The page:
Opportunity cost the cost of going to the movies is the fun you’d have had at the ice rink
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Friedrich von Wieser (1851–1926)
1817 David Ricardo argues that the value of a commodity is determined by the amount of labor hours used to produce it.
1920 Alfred Marshall argues in Principles of Economics that both supply and demand have a role in determining price.
1949 Ludwig von Mises explains in Human Action how prices convey important information in markets.
1960 Italian economist Piero Sraffa questions the opportunity cost measure of value in Production of Commodities by Means of Commodities.
Economists at the end of the 1800s were still wrestling with what determined the value of a product. By 1914, Austrian economist Friedrich von Weiser was convinced that the value of something was determined by what had to be given up in order to get it. In a world where people have infinite wants and yet have only a fixed amount of resources to meet those wants, he argued that scarcity would create the need for choices. He called this concept “opportunity cost” in Foundations of Social Economy (1914). In 1935, US economist Lionel Robbins argued that a tragedy of human life is that the consequence of choosing to do one thing is that something else has to be given up.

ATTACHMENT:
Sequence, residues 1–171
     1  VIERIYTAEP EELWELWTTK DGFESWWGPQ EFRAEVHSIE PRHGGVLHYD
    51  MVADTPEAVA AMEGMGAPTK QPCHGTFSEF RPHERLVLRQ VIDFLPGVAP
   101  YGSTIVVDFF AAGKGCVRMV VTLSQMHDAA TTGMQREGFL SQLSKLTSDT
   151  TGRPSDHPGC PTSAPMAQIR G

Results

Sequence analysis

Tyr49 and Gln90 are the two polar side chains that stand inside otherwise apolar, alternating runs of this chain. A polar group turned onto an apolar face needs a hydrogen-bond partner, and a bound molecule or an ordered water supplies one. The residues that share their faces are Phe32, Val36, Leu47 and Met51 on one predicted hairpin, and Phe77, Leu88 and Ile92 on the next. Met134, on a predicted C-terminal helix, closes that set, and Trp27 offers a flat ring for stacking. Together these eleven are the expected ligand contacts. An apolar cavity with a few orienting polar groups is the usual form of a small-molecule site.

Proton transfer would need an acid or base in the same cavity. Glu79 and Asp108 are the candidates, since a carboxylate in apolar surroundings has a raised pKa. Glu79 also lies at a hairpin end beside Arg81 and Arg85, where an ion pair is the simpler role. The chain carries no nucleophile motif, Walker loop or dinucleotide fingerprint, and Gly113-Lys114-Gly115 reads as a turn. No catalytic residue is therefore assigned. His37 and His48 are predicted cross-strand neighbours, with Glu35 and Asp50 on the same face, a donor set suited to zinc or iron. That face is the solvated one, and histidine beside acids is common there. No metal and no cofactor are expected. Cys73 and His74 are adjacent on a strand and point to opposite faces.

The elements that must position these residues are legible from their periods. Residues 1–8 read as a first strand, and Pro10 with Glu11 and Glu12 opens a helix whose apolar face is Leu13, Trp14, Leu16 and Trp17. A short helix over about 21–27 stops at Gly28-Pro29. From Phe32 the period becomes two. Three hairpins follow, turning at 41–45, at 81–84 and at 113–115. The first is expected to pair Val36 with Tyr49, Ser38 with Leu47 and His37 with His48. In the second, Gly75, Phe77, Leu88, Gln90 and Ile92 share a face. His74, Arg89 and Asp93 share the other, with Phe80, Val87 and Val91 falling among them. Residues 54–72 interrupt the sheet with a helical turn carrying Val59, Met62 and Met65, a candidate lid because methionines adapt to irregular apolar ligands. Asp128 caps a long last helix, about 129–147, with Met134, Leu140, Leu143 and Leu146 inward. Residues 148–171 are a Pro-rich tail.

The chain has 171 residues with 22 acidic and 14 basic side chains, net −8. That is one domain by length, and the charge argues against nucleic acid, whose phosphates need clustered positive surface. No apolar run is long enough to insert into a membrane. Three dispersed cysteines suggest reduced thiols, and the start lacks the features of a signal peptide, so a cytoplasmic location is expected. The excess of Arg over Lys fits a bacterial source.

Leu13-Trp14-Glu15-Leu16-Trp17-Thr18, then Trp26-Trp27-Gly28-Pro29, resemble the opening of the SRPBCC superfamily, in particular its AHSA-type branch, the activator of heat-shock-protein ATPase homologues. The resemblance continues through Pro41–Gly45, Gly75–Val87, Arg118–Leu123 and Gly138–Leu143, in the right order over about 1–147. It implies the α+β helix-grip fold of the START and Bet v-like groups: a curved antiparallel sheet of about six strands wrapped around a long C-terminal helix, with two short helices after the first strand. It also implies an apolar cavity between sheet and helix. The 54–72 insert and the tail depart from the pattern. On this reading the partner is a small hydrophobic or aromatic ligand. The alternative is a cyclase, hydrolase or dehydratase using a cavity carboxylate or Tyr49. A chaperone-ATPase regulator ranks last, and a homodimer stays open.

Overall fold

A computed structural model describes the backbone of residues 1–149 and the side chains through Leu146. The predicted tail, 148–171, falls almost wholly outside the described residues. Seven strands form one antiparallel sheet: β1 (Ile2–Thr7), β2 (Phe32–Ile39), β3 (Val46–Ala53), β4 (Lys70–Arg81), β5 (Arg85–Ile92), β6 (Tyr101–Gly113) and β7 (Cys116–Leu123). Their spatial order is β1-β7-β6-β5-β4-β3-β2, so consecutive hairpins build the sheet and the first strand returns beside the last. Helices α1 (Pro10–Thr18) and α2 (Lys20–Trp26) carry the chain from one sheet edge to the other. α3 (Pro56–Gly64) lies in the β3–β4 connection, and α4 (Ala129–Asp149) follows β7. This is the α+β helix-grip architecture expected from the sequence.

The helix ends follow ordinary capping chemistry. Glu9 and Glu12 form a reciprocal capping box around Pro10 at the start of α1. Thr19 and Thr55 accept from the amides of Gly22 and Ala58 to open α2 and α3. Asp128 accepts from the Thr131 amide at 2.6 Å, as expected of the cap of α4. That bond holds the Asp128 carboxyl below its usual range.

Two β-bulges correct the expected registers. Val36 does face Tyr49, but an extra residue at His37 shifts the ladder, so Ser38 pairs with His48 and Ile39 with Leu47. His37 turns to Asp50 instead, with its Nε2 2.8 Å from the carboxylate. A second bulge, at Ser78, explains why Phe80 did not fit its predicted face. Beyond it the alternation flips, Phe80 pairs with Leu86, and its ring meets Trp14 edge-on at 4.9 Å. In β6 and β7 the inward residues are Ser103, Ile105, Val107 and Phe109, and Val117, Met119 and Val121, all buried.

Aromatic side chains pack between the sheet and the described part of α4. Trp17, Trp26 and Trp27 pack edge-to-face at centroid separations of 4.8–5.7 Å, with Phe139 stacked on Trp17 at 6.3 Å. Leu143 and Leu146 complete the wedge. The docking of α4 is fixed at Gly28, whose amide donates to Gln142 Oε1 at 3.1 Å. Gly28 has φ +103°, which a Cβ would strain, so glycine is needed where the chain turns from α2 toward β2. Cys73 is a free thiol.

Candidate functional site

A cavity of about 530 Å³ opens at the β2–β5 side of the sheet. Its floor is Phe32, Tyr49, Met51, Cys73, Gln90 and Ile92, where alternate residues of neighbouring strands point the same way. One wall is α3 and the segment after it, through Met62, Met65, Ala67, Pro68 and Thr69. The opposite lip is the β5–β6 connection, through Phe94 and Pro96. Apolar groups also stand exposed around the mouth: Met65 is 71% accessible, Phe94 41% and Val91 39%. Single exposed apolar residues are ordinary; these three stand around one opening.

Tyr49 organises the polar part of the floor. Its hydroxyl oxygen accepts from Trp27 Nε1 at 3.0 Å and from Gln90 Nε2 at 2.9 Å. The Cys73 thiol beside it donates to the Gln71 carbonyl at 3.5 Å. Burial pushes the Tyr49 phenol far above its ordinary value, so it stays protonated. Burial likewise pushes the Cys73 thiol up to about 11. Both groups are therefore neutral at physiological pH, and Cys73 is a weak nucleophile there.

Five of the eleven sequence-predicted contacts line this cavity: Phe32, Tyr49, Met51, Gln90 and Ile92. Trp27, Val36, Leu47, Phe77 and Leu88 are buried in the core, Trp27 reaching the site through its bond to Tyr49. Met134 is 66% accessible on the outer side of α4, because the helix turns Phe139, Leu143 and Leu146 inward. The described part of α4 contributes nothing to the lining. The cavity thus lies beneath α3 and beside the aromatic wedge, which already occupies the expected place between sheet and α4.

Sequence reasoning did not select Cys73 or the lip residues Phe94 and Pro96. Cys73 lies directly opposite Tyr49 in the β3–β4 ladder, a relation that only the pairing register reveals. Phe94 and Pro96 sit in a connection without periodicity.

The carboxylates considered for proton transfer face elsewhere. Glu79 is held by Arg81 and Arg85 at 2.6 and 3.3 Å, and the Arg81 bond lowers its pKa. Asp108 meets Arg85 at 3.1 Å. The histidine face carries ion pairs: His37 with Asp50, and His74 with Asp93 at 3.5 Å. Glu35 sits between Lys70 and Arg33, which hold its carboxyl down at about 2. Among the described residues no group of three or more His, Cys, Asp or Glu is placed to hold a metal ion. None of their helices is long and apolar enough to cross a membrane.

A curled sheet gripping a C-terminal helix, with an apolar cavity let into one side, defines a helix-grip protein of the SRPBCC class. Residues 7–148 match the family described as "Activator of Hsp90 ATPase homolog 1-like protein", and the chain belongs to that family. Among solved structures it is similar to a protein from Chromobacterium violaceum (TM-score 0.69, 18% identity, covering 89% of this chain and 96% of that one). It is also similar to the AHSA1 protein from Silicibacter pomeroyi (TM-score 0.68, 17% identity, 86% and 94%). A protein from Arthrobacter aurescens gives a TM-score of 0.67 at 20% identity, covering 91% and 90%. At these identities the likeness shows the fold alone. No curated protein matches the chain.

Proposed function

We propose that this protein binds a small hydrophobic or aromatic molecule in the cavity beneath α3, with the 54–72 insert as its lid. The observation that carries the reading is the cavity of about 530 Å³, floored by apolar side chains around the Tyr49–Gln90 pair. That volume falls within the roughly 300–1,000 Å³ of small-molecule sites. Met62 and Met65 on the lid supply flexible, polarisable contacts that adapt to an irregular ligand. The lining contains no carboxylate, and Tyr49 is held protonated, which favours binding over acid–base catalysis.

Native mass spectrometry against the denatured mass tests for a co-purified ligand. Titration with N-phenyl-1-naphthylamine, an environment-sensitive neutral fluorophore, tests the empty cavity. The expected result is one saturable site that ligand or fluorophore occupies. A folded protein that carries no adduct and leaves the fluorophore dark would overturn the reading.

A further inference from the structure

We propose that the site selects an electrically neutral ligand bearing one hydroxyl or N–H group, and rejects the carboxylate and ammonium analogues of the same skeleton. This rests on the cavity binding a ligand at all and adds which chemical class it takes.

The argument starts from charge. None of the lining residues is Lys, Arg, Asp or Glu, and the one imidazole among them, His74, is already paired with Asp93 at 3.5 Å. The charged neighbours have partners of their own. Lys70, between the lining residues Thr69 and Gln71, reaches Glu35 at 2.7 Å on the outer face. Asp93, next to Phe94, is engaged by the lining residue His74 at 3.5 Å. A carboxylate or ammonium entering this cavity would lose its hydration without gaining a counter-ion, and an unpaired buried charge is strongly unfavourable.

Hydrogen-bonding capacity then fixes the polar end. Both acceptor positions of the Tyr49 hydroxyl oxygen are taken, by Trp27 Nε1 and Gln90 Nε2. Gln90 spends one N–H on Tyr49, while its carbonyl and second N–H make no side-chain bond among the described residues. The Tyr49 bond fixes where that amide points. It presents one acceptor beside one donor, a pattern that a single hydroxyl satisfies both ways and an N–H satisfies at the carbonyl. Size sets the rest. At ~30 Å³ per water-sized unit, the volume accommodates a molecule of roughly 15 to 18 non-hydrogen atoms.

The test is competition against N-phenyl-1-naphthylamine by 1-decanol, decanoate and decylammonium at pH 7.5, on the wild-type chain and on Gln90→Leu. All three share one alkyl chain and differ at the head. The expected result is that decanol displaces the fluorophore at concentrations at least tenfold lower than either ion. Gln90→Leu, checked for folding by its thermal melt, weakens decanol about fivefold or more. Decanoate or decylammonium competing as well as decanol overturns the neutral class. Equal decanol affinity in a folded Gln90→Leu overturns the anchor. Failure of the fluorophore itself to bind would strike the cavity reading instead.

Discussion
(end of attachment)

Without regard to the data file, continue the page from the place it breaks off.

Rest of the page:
Economics brings into view that conflict of choice which is one of the permanent characteristics of human existence.
This means that the cost of going to the movies, for example, is not really the cost of admission to the cinema but also the enjoyment you give up from your next best choice of activity. So although there is a monetary consequence of choosing one course of action, opportunity cost means more . You can’t watch a movie and ice skate at the same time. Sometimes there is what can be called an opportunity cost even if there is no monetary cost. Weiser thought that ultimately the price of a product was determined by how much it was desired, and this is measured by what people were willing to give up to get it, rather than how much it cost to produce.